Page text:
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News We’re Watching: LivaNova Names CEO; Surgical Robot Goes To Space, And More

Executive Summary

Medtech Insight's News We're Watching highlights medtech industry developments we are following: LivaNova named a new CEO, Roche confirmed plans to launch a continuous glucose monitor, Virtual Incision sent its surgical robot into orbit, and Synchron announced a deal with Acquandas to advance its brain interface technology.

LivaNova Names Makatsaria As Its New CEO

LivaNova announced on 5 February that its board of directors named Vladimir Makatsaria as CEO.

Makatsaria has spent nearly three decades in leadership roles at Johnson & Johnson, most recently as company group chairman of J&J’s Ethicon Global Business. He was also the company group chairman of Medical Devices Asia Pacific and president of Europe Middle East Africa at J&J.

“Today, begins a new chapter,” Makatsaria wrote on his LinkedIn page. “The team at LivaNova is committed to innovating for the future, advancing the quality of care in neurological and cardiac health. I am excited for this new chapter for me and for the LivaNova team, its customers and the many patients we’ll serve together.”

Makatsaria will succeed Bill Kozy, who served as LivaNova’s interim CEO since April 2023. Kozy will continue to serve as LivaNova’s chair of the board as he has since 2021.

Kozy took over from Damien McDonald, who resigned abruptly on 14 April.

UK-based LivaNova manufactures and markets products for advanced circulatory support and cardiopulmonary bypass. It also markets vagus nerve stimulation devices to treat depression and epilepsy and is developing an implantable hypoglossal nerve stimulation device to treat sleep apnea.

LivaNova sold its surgical heart valve business to private equity investors in 2020. (Also see "LivaNova Sells Surgical Heart Valve Business To Gyrus Capital For $73M" - Medtech Insight, 4 Dec, 2020.)


Roche Set To Launch CGM In Europe In 2024

Roche expects to launch its Accu-Check SmartGuide continuous glucose monitor in Europe in 2024, Roche Diagnostics CEO Matthew Sause confirmed during a sales and earnings call on 1 February.

SmartGuide is the company’s first-generation CGM. The company has not offered more detail on the design of the device or if it has plans to introduce it outside of Europe.

Executives will probably say a lot more about SmartGuide during an investor meeting on 22 May. Roche is also hosting a symposium at the upcoming Advanced Therapeutics & Treatments for Diabetes (ATTD) meeting in Florence on March 6. (Also see "News We’re Watching: Intuitive Plans da Vinci 5 Launch; Roche’s CGM Plan; ReWalk Rebrands, And More" - Medtech Insight, 29 Jan, 2024.)

Analysts will be curious to know more about SmartGuide’s form factor, accuracy, duration and how it will be differentiated from other CGM systems on the market, Wells Fargo analyst Larry Biegelsen wrote on 1 February.

Biegelsen also hopes to learn how SmartGuide will be integrated with insulin pumps as well as Roche’s mySugr mobile app. (Also see "Speaking To Mobiquitiy About The Whats And Hows For Digital Platforms" - Medtech Insight, 2 May, 2023.)


Robotics Space Race Is Gathering Pace – Virtual Incision Claims First Place.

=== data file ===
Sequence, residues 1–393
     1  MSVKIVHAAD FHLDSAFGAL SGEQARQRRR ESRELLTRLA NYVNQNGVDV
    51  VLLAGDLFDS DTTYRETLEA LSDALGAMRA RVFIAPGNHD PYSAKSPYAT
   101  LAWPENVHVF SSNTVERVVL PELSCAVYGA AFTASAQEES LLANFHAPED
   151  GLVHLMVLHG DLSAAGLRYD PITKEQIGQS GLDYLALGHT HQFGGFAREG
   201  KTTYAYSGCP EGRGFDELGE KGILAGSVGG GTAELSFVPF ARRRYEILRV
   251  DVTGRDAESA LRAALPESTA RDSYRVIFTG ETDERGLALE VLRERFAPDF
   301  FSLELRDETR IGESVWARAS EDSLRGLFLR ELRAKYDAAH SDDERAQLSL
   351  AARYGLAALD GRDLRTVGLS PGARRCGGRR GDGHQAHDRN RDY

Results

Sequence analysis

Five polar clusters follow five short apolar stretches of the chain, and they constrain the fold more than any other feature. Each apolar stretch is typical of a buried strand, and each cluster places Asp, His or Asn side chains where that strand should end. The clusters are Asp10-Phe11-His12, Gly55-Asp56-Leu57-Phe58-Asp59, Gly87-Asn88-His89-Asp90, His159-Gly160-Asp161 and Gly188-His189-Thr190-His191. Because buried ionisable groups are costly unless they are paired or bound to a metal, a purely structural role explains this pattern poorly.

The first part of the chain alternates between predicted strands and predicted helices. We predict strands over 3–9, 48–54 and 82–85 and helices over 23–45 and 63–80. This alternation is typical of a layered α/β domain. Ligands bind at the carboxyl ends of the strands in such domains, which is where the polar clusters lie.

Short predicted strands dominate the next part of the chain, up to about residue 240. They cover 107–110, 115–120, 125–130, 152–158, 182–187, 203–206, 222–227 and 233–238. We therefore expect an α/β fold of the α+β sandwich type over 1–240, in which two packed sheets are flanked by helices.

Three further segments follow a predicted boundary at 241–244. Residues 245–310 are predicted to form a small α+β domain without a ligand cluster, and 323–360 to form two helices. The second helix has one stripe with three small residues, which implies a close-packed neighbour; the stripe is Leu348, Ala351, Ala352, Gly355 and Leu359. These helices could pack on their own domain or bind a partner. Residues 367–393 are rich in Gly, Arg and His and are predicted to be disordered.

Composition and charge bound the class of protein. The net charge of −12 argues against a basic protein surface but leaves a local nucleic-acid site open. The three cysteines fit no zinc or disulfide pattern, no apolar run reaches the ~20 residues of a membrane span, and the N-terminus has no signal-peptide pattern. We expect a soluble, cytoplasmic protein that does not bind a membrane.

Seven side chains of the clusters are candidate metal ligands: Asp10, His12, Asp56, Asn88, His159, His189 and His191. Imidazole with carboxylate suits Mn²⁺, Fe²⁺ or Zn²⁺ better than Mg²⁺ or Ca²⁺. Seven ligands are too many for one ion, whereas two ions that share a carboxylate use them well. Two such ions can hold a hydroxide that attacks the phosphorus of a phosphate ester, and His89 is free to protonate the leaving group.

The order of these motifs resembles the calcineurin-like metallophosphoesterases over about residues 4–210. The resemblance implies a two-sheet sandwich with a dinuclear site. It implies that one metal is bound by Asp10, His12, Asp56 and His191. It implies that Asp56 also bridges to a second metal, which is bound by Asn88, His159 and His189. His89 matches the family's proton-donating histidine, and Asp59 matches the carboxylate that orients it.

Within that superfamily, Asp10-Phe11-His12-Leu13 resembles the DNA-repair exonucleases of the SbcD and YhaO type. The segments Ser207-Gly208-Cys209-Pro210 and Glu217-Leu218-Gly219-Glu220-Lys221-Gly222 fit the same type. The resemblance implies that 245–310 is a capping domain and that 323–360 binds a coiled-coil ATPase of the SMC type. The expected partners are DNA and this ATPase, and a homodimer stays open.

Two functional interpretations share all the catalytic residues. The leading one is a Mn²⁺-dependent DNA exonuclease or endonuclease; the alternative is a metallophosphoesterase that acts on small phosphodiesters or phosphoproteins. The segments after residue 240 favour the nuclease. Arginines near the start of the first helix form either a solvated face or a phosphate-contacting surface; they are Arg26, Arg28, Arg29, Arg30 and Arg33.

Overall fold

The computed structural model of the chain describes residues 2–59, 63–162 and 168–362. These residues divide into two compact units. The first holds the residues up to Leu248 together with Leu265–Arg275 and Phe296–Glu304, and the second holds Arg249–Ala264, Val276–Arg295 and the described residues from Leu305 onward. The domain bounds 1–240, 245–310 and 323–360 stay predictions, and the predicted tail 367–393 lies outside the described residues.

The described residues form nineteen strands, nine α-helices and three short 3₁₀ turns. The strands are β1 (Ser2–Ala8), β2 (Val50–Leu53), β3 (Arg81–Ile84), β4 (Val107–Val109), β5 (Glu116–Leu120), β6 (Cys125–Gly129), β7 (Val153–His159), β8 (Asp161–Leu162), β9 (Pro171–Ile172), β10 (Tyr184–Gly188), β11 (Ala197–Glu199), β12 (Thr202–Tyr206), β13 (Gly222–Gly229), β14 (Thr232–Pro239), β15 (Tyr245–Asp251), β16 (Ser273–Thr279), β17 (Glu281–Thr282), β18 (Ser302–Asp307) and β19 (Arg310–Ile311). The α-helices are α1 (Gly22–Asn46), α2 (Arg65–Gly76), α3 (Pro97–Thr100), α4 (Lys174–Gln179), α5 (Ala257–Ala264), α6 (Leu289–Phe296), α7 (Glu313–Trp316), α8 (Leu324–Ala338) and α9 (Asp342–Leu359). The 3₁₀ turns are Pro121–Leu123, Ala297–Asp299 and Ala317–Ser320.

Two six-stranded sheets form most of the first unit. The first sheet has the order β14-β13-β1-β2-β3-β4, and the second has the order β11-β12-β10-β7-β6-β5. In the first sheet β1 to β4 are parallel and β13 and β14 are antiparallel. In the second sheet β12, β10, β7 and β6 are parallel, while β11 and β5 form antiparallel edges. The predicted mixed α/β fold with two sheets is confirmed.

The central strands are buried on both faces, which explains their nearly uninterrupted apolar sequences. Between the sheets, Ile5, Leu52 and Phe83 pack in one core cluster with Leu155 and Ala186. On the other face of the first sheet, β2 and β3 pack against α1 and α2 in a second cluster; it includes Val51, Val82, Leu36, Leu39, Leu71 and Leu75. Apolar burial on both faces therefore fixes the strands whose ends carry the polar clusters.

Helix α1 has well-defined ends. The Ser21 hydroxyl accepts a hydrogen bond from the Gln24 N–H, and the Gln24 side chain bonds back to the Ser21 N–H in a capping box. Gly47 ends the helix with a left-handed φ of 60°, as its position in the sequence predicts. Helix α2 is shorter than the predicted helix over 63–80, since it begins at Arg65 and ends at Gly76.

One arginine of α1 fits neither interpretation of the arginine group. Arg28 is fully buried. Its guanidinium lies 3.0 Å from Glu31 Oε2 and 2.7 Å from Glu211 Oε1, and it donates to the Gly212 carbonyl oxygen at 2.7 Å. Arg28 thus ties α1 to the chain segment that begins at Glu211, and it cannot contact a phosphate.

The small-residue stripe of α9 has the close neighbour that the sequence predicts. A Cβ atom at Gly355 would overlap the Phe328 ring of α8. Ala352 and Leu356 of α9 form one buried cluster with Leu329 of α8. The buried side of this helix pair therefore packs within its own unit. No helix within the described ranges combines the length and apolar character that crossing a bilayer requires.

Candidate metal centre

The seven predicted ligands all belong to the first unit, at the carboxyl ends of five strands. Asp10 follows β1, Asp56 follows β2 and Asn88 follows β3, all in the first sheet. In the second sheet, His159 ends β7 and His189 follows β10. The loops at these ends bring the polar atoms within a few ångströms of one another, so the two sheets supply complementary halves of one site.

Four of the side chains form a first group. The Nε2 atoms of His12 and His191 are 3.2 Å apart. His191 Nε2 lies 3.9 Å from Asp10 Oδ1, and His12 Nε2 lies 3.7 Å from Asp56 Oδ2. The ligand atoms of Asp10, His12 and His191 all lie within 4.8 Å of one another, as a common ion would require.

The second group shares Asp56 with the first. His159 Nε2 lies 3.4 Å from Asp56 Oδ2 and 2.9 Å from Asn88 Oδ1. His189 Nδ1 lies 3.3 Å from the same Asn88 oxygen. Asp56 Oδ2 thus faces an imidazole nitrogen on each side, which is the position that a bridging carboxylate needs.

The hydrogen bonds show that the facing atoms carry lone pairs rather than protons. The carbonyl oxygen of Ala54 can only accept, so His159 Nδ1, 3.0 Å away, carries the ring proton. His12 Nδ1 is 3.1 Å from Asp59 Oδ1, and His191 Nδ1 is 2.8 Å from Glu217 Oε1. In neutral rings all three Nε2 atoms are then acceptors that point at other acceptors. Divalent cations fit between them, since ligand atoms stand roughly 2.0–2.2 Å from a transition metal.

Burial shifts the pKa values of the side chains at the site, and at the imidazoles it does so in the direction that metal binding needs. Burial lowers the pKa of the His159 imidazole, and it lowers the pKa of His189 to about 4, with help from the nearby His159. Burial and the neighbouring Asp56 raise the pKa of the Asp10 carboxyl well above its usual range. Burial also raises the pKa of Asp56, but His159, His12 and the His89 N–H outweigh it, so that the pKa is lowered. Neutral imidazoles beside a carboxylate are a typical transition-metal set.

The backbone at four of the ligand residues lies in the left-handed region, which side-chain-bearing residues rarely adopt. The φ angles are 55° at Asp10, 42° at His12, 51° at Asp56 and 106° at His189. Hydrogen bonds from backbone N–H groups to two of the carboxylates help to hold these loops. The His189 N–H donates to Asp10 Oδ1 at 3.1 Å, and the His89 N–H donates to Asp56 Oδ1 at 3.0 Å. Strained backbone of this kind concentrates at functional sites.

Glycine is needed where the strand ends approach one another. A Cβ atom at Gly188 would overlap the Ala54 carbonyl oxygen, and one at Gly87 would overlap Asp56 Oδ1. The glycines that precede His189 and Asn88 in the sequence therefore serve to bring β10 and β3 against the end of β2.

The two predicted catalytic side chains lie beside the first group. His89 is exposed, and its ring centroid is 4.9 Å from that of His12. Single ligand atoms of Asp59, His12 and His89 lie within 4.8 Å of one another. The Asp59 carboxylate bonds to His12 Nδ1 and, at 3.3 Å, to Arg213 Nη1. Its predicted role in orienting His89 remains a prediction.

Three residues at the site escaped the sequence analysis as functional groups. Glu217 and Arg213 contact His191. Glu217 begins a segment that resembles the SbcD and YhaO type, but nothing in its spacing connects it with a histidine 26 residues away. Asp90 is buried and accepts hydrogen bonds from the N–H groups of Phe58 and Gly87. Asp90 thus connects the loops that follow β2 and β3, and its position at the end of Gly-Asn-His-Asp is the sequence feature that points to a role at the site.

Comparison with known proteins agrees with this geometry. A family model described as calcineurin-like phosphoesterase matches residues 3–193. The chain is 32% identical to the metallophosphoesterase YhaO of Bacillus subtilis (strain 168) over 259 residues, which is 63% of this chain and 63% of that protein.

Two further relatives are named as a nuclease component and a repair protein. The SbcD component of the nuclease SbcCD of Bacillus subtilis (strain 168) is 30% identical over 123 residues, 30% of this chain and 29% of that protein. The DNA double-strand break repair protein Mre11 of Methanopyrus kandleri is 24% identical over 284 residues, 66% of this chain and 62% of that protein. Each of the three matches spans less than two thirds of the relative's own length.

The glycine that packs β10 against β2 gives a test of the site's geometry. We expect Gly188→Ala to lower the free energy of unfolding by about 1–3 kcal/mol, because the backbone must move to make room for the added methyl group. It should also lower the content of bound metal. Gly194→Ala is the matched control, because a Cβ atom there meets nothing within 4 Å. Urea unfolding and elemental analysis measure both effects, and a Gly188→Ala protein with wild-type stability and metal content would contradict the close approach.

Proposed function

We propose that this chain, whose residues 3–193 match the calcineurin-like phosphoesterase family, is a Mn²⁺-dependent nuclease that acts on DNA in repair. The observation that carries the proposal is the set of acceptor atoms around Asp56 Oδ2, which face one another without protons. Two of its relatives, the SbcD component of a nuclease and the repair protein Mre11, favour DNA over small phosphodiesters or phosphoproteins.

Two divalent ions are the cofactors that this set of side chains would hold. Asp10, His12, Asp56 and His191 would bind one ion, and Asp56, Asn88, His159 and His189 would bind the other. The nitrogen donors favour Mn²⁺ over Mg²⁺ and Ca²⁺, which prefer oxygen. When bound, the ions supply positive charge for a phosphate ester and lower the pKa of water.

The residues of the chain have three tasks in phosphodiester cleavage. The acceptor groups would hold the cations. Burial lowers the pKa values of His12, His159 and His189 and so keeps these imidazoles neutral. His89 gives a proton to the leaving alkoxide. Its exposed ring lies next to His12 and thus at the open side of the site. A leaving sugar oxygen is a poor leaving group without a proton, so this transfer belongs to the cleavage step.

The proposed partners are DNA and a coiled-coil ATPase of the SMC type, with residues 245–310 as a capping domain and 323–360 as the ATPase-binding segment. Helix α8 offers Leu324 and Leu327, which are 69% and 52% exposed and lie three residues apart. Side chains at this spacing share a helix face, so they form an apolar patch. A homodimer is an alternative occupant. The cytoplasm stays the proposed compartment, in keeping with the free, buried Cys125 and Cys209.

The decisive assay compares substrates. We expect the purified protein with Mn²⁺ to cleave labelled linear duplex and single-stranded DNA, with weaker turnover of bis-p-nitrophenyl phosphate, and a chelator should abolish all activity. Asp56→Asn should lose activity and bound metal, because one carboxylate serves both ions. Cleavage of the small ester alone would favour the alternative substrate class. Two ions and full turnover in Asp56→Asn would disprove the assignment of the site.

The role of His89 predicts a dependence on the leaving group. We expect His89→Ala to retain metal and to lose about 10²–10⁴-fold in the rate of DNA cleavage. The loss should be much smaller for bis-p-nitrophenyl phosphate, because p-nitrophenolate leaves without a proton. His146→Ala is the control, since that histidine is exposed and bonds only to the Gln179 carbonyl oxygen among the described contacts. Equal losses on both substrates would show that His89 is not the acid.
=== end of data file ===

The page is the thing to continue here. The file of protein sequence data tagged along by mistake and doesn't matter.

Virtual Incision has launched its MIRA tabletop surgical robot into space.

The company is sending MIRA to the International Space Station. It is carried by a Northrop Grumman-manufactured/Orbital Sciences Corporation-designed Cygnus cargo spaceship launched by a SpaceX Falcon 9 rocket from Cape Canaveral, Florida.

SpaceMIRA, the renamed version of MIRA equipped for zero gravity, will be an opportunity for Virtual Incision to test out both the robot’s automated and remote surgical capabilities.

The company hopes that, by performing such a bold tech demonstration, Virtual Incision can prove itself as the system-of-choice for clinics that are either geographically remote, or lacking surgeons.

Over the past few years, there have been several stories in the surgical robotics universe about system installations in commercially less significant geographies.

Typically, these commercial plays are made by surgical robotics companies for two reasons: to address unmet needs and to assess market fit in areas with lower reimbursement or other niche needs.


Synchron Advances Brain Interface With Acquandas Investment

Neurotech start-up Synchron announced on 1 February it has acquired a minority equity stake in Acquandas, a manufacturer that specializes in components for the health care industry.

“As we pioneer functional endovascular neurotechnology, this investment strengthens our technology innovation and supply chain for our unique product offerings, beginning with brain-computer interfaces,” said Synchron CEO Tom Oxley.

Synchron’s Stentrode device uses a minimally invasive endovascular procedure, similar to placing stents, that avoids open brain surgery, the company said. The FDA has given breakthrough device designation to Stentrode, which is being tested in six patients in the COMMAND trial under the first investigational device exemption for any company assessing a permanently implanted BCI.

The early feasibility study assesses safety while evaluating quantified efficacy measures of the Synchron Switch motor neuroprosthesis in patients with severe paralysis, Synchron said in September 2023.

Synchron could eventually compete against Elon Musk’s Neuralink, which announced on 29 January that its brain-computer interface has been implanted in a human for the first time. The US Food and Drug Administration approved human clinical trials for Neuralink’s BCI in May.

Neuralink’s device is implanted directly into the patient’s brain tissue through open brain surgery whereas Synchron uses a less invasive approach.

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